Articles Tagged with bankruptcy

There is always a risk in personal injury lawsuits that a defendant may file for bankruptcy protection. If successful, a bankruptcy can effectively discharge the defendant from any obligation to pay a monetary judgment owed to the plaintiff. But what about the reverse situation? What happens if the plaintiff files for bankruptcy before the personal injury lawsuit is resolved?

Courtland Properties I, LLC v. Collins

A recent decision from the Georgia Court of Appeals, Courtland Properties I, LLC v. Collins, helps to explain how the law works in this situation. In this case, a man was injured in a slip-and-fall accident at his apartment complex. He subsequently filed a personal injury lawsuit against the apartment’s owner, alleging its negligence in maintaining the property caused the accident.

Winning a personal injury judgment following a car accident does not always guarantee that the victim will actually get paid. There are cases in which a defendant who lacks adequate financial resources will file for protection under federal bankruptcy law. This can delay and in some cases defeat collection of a valid personal injury judgment under Georgia law.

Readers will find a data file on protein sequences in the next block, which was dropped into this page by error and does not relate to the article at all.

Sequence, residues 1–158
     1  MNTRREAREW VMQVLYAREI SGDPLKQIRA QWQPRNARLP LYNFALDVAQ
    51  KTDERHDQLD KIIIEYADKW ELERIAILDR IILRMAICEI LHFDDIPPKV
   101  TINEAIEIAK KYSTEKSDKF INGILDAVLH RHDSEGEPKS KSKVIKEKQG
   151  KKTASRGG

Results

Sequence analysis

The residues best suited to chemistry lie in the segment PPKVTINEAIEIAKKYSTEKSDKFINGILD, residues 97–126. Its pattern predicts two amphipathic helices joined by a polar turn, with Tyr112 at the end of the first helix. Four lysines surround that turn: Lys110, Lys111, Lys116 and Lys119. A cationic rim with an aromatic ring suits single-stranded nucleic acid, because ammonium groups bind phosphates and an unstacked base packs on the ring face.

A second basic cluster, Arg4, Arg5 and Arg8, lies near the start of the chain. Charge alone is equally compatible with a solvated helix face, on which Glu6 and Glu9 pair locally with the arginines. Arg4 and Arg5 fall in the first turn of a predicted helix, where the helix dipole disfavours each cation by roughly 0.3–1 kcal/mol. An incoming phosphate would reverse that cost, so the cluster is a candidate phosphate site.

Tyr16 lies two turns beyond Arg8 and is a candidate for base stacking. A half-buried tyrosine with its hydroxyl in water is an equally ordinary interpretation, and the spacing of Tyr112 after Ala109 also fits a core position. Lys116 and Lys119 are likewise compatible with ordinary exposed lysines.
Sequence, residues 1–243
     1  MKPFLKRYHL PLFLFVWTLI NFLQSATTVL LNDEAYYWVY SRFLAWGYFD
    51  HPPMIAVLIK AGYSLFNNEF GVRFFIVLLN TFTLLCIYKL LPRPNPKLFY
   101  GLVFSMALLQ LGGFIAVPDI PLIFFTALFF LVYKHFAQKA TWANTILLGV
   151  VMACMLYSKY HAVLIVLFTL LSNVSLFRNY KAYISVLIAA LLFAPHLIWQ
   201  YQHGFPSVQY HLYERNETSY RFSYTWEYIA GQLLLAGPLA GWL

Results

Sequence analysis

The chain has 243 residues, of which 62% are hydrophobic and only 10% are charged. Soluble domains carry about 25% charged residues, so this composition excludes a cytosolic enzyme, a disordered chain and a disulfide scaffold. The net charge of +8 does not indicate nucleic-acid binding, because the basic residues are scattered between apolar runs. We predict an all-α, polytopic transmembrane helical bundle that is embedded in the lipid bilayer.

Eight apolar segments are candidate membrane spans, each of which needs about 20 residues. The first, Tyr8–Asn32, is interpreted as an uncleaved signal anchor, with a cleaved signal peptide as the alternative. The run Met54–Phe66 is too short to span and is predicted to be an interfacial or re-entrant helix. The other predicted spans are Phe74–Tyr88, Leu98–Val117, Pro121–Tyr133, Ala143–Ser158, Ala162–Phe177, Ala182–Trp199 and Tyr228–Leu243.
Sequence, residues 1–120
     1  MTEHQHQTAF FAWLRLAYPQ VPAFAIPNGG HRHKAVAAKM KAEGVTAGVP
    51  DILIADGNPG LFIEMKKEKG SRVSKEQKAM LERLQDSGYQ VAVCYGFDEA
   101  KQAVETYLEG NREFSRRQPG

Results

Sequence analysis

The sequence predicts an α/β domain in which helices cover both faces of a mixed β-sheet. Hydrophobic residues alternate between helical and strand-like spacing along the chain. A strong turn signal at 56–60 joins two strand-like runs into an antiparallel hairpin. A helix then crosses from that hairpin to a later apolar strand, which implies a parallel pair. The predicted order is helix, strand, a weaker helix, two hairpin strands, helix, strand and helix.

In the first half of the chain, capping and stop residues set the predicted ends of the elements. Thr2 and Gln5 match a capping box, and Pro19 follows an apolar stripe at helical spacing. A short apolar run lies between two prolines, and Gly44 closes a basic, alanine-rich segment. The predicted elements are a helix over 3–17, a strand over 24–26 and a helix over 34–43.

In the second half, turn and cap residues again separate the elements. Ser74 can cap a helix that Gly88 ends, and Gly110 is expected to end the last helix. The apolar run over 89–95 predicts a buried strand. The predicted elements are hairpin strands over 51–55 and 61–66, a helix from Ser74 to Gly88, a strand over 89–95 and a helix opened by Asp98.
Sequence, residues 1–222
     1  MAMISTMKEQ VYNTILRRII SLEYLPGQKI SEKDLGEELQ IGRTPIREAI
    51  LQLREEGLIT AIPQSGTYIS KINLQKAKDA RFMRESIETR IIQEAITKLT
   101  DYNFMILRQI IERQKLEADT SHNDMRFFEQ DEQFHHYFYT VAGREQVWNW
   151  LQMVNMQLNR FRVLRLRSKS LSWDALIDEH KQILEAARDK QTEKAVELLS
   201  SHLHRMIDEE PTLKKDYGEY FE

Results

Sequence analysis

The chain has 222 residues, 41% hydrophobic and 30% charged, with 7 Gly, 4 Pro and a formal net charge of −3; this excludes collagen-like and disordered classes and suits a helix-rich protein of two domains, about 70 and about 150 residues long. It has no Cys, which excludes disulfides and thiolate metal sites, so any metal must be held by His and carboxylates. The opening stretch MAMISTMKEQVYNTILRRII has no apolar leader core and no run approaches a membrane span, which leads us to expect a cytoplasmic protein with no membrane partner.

For instance, in a Chapter 7 bankruptcy, the debtor’s non-exempt property is liquidated to pay any creditors to the extent possible. The remaining debts may then be “discharged.” This does not mean that the debt itself is void. Rather, a discharge means that the debtor is no longer legally obligated to repay the debt, and the creditor may take no further collection action against that individual. However, if there are multiple parties liable for a judgment, the bankruptcy of one defendant does not affect the enforceability of the judgment against the other, non-bankrupt defendants.

Flanders v. Jackson

Dealing with personal and health care issues following a car accident is stressful enough. If your financial situation has also deteriorated to the point that you need to file for bankruptcy, you should understand the impact that might have on any personal injury claim arising from your accident. If you are not careful, the bankruptcy may let a negligent defendant escape responsibility for your injuries.

Make Sure to List All Potential Lawsuits

When you file for bankruptcy you must provide the court with a list of all of your known assets. This includes any pending or potential personal injury claims. A claim is considered part of your bankruptcy estate if the cause of action arose prior to filing. In other words, if you are injured in a car accident on January 10 and file for bankruptcy on January 20, any personal injury claim you might have must be listed on your Chapter 7 petition, even if you do not file a personal injury claim until January 30.